Columbia River Hisshou 13″ YK-30 High-Carbon, High Satin Finished Tanto Blade

Columbia River Hisshou
Columbia River Hisshou 13″ YK-30 High-Carbon, High Satin Finished Tanto Blade
Columbia River Knife and Tool has created a veritable sword in this new combat knife- the Hisshou. It’s a thing of beauty. Columbia River Knife and Tool really is one of the most creative companies in our industry and this item really shows that.
Columbia River Knife and Tool has this to say about it:
The name means “certain victory.” It is the modern embodiment of the close-quarters sword of the Samurai.

Let us be clear: the Hisshou™, designed by James Williams, is a specialized tool that is intended for military personnel and special forces operators. James developed this design to meet the specific requests of coalition forces overseas for a more powerful tactical tool than his CRKT Hissatsu™, which is in wide use.

Historically, military swords have been sized to fit the fighting environment. Long swords, such as the English broad sword and Japanese katana, could only be used effectively on open fields of battle. Fighting in close or confined quarters required shorter swords, such as the sailor’s cutlass and the Japanese wakizashi, which is similar in size to the Hisshou.

The Hisshou comes into play when the operator’s firearms cannot be used, as often happens in entry and search operations. It is designed for multiple carry options depending on the choice of the operator.

The Hisshou’s 13″ full-tang dual grind Tanto blade is YK-30 high-carbon steel, high satin finished. The long, tapered tip grind is designed for maximum slashing power combined with superior penetration. At 16.4 ounces, the Hisshou also offers superior slashing ability as compared to the Hissatsu.

James has followed centuries of Japanese tradition in designing the classic cord-wrapped handle with ray skin underlays, which compares very well to more modern handle materials, giving excellent grip under all conditions.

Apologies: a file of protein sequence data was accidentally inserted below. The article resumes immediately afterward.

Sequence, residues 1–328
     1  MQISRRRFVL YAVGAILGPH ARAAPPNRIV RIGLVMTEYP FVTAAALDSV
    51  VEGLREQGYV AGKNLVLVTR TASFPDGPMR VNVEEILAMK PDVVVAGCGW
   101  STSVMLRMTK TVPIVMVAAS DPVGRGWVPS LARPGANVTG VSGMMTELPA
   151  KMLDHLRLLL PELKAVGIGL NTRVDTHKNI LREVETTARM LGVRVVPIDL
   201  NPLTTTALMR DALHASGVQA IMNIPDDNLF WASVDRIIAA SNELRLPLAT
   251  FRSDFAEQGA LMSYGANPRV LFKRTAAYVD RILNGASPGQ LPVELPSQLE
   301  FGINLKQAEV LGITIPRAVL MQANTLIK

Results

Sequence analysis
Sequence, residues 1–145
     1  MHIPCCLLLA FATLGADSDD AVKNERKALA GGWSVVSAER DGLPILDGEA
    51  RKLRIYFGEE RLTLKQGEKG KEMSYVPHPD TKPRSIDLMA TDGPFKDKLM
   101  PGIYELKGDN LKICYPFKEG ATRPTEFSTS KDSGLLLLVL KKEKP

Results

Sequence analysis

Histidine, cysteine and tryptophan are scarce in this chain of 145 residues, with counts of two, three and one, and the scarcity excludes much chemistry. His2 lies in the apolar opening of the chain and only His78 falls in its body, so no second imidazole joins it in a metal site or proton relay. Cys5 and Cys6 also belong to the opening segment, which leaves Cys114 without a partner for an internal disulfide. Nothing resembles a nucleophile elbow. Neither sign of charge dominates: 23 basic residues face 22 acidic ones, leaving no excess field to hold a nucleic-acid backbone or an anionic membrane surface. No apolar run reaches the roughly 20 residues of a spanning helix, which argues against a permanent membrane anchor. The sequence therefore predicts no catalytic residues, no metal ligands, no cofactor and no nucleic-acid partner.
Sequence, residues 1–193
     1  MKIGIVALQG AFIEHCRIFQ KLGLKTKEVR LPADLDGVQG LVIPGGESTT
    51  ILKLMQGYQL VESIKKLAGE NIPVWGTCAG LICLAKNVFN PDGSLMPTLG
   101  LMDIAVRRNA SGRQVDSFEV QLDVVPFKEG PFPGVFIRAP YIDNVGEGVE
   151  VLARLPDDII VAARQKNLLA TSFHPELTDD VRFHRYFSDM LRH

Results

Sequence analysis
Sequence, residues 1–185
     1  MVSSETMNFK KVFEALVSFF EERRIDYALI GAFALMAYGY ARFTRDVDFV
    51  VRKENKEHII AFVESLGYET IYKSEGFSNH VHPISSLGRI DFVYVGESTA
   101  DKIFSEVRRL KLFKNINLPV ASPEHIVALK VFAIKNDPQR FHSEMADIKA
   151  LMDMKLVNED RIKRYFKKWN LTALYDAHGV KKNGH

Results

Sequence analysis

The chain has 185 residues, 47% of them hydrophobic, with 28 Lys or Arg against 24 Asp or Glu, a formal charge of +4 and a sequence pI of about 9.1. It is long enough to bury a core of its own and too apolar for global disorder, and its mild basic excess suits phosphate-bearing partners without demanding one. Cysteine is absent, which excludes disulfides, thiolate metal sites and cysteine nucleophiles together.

We have designed a custom Kydex® sheath with a patented* quick-release belt-mounting system for the Hisshou. The sheath has detents which grip the knife securely and wide entry lips which allow the knife to be returned to the sheath with one hand.

The belt clip can be attached with the Chicago screws provided for vertical or horizontal carry. Simply press in the injection-molded nylon retaining clip for instant attachment or release.

The Hisshou demands respect, and is certainly not a sport or work knife, but it can truly be a lifesaver for the military professional. This is a knife that would have been carried by the Samurai.

Specifications

* Knife:
o 2910: High Satin finish, Razor-Sharp Cutting Edge
o Blade: Length: 13.0″ (330 mm)
o Thickness: 0.26″ (6.5 mm)
o Steel: YK-30, 57-59 HRC
o Knife: Overall length: 18.38″ (467 mm)
o Weight: 16.4 oz. (465 g)
* Sheath:
o Hisshou Sheath: (included with knife, preliminary specifications)
o Material: Kydex
o Overall length: 13.75″ (349 mm)
o Width: 2.50″ (64 mm)
o Weight: 7.0 oz. (198 g)

*Note: Shipping on this item will be at least $9.90 (for U.S. orders) due to the weight of this item. International shipments would start at a higher rate.*

About the Knife Designer
James Williams is a former U.S. Army officer with over 45 years of experience in numerous martial arts disciplines. He knows cutlery as President of Bugei Trading Company, producer of fine Samurai swords. He is an expert in both ancient and modern martial arts and has developed The System of Strategy, a unique approach to unarmed combatives based on the ancient samurai system of close quarters combat. He is internationally known as a trainer of special operations units, government agencies, and law enforcement organizations, both foreign and domestic. James teaches combatives, self-defense, low-light tactics, and firearms. James is the designer of the Hisshou, Hissatsu Fixed Blade and Folder. He comments, that for tactical purposes, “The fixed blade is superior to the folder in every respect. Our goal with the Hissatsu Folder was not to replace the fixed blade knife, but rather to offer the best alternative possible when circumstances demand other options.”

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Howard